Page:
Family Matters

To the Editor:

With regard to the interview by Carol Iannone of Professor David Popenoe of Rutgers University in your Winter 2008–09 issue [“Family Matters: A Conversation with David Popenoe,” vol. 22, no. 1], I wonder if Professor Popenoe is familiar with Family and Civilization, a seminal work in family sociology by Carle Zimmerman, which was first published in the late forties and which predicted the steep and accelerating decline of the family, already well underway even as he wrote and having been for sometime already. A distinguished scholar in his field, I assume Popenoe is, although some of his answers to Iannone’s questions—particularly those with regard to the decline as beginning in late sixties and the fifties as being a high point of domesticity—leave me wondering.

Zimmerman defined “marriage” as a social institution whose primary function is the propagation and rearing of children so that the society may survive and prosper, although, of course, it serve other practical purposes as well. However, in late stages of a society’s and civilization’s development the family type (for which Zimmerman uses the term “atomistic”—he might better have employed the term “individualistic”), the purpose of propagation and education of children fades in favor of one gratifying the happiness and satisfaction of those who choose to enter into this kind of relationship. Then marriage becomes merely a legally sanctioned and advantaged relationship between two or more individuals based almost entirely on the emotion of love and compatibility. In other words the term family is emptied of virtually all other content except that of an emotion (love). Thus, any kind of human relationship sanctified by the emotion of love would seem eligible for the protection of law and the label of “marriage.” I see no reason for discriminating against polygamy, homosexual unions, incestuous partnerships, and even loving relationships between humans and their animal pets. All it would take for such a perversity to evolve would be a sufficiently large and politically connected group to demand it “as within their legal rights.”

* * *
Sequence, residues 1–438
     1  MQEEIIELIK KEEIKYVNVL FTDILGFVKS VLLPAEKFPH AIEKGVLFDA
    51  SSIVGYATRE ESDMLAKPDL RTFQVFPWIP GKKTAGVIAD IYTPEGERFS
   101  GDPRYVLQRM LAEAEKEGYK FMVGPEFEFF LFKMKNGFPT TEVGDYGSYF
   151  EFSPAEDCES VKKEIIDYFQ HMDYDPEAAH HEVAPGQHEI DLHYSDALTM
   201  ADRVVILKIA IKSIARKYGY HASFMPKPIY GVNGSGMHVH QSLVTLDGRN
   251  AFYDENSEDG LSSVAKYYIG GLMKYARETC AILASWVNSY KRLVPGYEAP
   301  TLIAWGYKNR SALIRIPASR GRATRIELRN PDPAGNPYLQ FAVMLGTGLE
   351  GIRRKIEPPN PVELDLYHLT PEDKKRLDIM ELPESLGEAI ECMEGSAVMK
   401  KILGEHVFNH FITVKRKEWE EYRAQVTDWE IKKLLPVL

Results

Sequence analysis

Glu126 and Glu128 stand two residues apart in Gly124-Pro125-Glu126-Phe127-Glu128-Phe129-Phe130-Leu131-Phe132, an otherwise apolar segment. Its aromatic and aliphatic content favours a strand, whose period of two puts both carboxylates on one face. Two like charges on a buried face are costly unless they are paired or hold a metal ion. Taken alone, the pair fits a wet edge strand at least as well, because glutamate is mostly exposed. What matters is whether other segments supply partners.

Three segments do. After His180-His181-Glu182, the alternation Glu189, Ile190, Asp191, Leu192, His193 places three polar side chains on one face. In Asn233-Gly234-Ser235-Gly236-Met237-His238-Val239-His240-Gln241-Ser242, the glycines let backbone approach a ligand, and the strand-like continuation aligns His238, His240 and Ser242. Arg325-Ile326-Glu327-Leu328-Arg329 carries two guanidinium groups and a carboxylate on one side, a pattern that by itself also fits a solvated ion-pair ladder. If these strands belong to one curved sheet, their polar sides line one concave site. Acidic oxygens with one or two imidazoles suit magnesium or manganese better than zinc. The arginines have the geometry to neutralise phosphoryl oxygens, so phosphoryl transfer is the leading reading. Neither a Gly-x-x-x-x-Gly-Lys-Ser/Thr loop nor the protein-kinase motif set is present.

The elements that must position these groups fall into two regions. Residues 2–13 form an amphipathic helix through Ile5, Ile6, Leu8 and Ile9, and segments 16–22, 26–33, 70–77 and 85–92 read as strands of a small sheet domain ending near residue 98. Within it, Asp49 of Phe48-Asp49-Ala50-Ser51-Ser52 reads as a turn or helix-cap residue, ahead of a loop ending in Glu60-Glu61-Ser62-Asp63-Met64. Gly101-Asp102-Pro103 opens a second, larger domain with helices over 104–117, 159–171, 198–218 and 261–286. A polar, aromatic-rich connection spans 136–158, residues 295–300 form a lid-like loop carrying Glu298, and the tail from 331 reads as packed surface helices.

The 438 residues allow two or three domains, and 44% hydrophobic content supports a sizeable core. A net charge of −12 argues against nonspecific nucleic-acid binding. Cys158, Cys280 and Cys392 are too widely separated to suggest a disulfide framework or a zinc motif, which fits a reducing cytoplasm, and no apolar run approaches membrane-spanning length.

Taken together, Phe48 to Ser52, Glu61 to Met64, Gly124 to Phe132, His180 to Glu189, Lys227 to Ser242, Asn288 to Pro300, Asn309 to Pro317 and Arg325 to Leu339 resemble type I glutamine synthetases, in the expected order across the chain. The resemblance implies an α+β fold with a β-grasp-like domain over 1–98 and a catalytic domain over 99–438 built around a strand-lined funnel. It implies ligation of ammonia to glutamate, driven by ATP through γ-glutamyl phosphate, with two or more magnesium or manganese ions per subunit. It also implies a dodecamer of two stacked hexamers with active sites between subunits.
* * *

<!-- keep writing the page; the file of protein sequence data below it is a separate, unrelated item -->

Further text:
(By the way, I was a student of Carle Zimmerman at Harvard and wrote my senior thesis in family sociology under his direction.)

Burton L. Ingraham

Santa Fe, New Mexico

Prof. Popenoe Replies

I much appreciate Burton Ingraham’s reminding us of Carle Zimmerman’s important contribution to family sociology. I was strongly influenced by Zimmerman’s work early in my career, and even more by the work of Pitirim Sorokin, who was Zimmerman’s mentor and colleague. They, of course, were looking at family change over the long course of human history; I was focusing on the time period of the last century or so. Sorokin and Zimmerman were absolutely on target, in my opinion, in their understanding of the fundamentals of family change, and it is a great pity that they are all but forgotten today.

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